When I first heard of GoldieBlox, as a father of four girls I was very excited. I’ve always been bummed by the fact that building and invention toys have been marketed more at boys. Lego has tried to orient a few product lines at girls as well, but I have been disappointed with them overall as they overdo the pink and girly style and also lower the bar for construction. What I’ve always wanted to see were products that had some mechanical or structural complexity without turning them into “build your own dollhouse” sets – for the record, I’m happy to see products like the Easy Bake Oven come in colors other than pink. I’d be perfectly happy to see my sons pursue any stereotypically female career (including being the stay-at-home parent), or my daughters going after any job typically dominated by men. It’s not 1950 any more, and I don’t think our toys should conform to these outdated gender roles. But let’s get to the product itself:
GoldieBlox is a construction and invention toy marketed specifically to girls. It uses character and story-driven themes to show girls that they can pursue careers in building and inventing. (so far, so good). GoldieBlox centers much of its thematic material around the exploits of the main character, Goldie with her blonde hair and green eyes. Now 3/4 of my daughters are not white, so I was a little put off during the initial releases of the product because there were no non-white characters. GoldieBlox has since released a cast of supporting characters for Goldie that increases the diversity of the toy line. I get it – we can’t make a doll for every kid… However, that fact doesn’t help me when I’m toy shopping with my black daughter who is dying to be an engineer, and who would love to imagine herself doing all the cool things that Goldie does. (I don’t have all the answers… But I do know that having a doll you can relate to is a big deal).
Many of the GoldieBlox play sets come with a story that puts the play set in context; GoldieBlox and the Movie Machine, or GoldieBlox and the Dunk Tank. In these sets, the child is often prompted by the story to build some sort of device that mirror’s the resolution of the story’s problem. It is an interesting idea, and models the thinking that often goes into inventing a solution to a real-world problem. There are also larger sized action figures for Goldie and Ruby Rails (her somewhat ambiguously not-white friend), and a few sets with an assortment of more open-ended parts.
The parts themselves are decidedly different from Lego pieces or any of the other construction systems out there. They tend to be a little rounder, slightly “girly” but not overly pink, and centered around the ideas of pulleys, drums and axles, and platforms that often serve as the base of the device. In addition to these plastic pieces, other materials are often included. Flat ribbons are used in a belt-driven vehicle or device, and thick paper facades are often used for easy decoration. In concept, I like the variety of materials. However, my practical experience is that the paper pieces lack the durability of the plastic, and are also often folded and therefore difficult to store with the rest of it. I’m mixed on the belts, ribbons and string. When my kids play with GoldieBlox, these pieces are used far less frequently. They aren’t really easy to store, but seem durable enough. I think they do have value in teaching some fun physical or engineering principles.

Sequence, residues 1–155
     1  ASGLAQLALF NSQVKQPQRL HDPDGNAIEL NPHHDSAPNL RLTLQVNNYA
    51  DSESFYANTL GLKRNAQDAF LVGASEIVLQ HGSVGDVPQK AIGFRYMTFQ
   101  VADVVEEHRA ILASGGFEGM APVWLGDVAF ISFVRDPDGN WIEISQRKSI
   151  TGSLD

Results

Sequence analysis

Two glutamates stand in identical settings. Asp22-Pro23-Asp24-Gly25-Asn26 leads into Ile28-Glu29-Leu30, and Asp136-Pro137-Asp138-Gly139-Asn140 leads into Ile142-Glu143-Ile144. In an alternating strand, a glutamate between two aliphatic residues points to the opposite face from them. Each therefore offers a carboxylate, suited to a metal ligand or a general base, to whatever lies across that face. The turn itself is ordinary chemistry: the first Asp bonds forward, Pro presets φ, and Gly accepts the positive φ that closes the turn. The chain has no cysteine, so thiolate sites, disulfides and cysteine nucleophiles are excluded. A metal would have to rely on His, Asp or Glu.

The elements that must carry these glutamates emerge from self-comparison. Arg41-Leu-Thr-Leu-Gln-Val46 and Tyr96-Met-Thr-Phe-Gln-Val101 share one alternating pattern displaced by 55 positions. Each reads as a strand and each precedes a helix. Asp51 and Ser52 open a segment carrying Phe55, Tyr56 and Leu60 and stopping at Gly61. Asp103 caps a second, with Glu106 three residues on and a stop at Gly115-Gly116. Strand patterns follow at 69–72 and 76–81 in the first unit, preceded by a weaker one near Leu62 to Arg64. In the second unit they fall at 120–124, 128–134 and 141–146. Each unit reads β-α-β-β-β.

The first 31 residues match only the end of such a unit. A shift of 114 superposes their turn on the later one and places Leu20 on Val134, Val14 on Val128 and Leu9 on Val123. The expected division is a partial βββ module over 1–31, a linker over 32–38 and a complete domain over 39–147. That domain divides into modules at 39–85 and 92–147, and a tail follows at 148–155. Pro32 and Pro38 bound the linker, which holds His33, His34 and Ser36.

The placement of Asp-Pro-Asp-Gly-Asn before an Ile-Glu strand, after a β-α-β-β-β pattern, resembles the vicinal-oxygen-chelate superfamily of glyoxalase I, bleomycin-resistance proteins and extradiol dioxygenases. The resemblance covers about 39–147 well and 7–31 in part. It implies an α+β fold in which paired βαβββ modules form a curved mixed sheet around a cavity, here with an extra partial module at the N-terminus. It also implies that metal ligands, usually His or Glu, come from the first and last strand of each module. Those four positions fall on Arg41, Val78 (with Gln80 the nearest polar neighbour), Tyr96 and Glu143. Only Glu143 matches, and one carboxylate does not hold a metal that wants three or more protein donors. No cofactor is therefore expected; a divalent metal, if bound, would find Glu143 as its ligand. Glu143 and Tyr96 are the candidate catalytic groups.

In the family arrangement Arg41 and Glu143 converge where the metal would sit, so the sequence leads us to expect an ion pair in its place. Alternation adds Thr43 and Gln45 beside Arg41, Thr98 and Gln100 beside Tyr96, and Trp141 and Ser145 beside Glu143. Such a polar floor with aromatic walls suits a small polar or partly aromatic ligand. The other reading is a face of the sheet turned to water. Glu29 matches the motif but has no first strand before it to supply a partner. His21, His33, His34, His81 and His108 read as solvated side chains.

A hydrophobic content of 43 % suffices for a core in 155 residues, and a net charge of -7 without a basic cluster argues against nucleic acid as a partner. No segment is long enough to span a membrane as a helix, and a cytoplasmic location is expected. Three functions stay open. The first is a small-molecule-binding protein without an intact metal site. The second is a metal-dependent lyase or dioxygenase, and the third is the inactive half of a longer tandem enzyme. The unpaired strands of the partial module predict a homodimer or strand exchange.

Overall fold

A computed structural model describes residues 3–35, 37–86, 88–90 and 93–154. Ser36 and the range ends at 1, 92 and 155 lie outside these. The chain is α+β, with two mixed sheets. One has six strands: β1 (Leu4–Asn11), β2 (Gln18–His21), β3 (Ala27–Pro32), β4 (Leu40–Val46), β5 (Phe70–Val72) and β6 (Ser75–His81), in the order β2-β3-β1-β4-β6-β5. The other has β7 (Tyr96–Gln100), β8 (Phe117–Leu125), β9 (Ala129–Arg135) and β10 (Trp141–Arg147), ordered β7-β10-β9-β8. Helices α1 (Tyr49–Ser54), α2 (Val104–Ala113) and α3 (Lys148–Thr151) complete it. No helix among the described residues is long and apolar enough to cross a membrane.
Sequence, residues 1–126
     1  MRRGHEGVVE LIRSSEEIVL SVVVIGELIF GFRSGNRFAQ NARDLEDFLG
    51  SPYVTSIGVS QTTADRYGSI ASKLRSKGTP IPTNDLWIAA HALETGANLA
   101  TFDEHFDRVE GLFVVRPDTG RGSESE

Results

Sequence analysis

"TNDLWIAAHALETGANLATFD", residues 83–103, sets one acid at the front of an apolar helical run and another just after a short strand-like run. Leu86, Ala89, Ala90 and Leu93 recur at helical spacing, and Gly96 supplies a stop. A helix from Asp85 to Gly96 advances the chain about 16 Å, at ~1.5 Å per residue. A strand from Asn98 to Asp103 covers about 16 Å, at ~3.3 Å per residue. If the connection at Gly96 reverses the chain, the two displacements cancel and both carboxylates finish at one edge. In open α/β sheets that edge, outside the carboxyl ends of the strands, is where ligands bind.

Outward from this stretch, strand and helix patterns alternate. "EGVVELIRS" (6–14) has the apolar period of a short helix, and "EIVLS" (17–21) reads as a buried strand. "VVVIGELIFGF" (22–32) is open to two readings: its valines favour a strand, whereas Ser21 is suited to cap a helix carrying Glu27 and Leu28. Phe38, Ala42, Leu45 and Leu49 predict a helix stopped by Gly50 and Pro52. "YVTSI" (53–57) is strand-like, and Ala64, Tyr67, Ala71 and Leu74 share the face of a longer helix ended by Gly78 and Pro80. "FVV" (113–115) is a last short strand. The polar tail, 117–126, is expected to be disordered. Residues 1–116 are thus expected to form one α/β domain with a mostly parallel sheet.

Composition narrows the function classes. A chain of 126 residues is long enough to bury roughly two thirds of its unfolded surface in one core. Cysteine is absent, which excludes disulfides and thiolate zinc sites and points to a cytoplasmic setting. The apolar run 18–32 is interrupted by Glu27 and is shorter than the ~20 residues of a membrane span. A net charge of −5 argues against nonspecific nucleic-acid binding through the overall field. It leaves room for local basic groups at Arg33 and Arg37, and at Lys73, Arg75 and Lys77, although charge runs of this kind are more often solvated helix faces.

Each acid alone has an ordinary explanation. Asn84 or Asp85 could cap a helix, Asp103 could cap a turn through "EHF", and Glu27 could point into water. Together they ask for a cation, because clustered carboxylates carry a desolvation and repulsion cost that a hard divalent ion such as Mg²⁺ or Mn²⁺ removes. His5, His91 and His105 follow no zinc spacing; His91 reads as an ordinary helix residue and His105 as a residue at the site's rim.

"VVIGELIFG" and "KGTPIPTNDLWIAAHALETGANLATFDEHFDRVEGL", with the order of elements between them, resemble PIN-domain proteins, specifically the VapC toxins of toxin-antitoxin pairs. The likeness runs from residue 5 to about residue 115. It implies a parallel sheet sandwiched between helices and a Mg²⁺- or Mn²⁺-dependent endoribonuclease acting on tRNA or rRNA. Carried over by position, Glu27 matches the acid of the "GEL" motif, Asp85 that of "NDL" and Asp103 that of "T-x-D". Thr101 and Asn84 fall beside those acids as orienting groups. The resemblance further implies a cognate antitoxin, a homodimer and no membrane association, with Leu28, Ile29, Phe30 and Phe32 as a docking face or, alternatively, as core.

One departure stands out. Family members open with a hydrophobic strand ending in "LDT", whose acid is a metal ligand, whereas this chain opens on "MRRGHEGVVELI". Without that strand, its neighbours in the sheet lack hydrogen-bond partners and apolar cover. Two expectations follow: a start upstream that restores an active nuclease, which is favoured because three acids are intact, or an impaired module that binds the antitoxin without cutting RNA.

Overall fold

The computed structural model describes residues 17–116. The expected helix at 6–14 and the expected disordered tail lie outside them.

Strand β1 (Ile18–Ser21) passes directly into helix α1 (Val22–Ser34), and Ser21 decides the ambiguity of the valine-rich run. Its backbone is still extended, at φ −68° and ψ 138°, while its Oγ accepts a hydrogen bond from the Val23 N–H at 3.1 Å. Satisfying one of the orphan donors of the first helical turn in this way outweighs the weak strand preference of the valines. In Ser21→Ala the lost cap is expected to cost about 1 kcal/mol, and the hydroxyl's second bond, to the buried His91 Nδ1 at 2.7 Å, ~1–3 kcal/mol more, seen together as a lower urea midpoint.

- GoldieBlox is an engineering toy made with girls in mind (yay!)
- Having the stories with the playsets gives the building a fun context, and also encourages reading.
- The different shapes and pieces open up some fun play possibilities.
- The paper pieces. I want to throw them away almost every time I see them, but that would make my daughters sad.
- It’s probably too much to ask (no company can make every kind of doll), but more diversity options would be cool.
- The sets are pretty low tech. It would be fun to have some interactive/electric pieces.
If you have a little girl in your life that loves building things, she will probably have fun with GoldieBlox sets. They are fun, lighthearted, and accessible to younger ages (5-9 years is ideal for many of these, I think.) I think for older girls who are interested in building, you might consider Lego or even Lego Mindstorms, as GoldieBlox might feel a little immature for them. Of course, every parent should take their own kids’ personalities into account. I’ve seen older kids (maybe even myself) have a great time with Goldie and friends, and I’ve seen much younger kids totally unintimidated by Legos.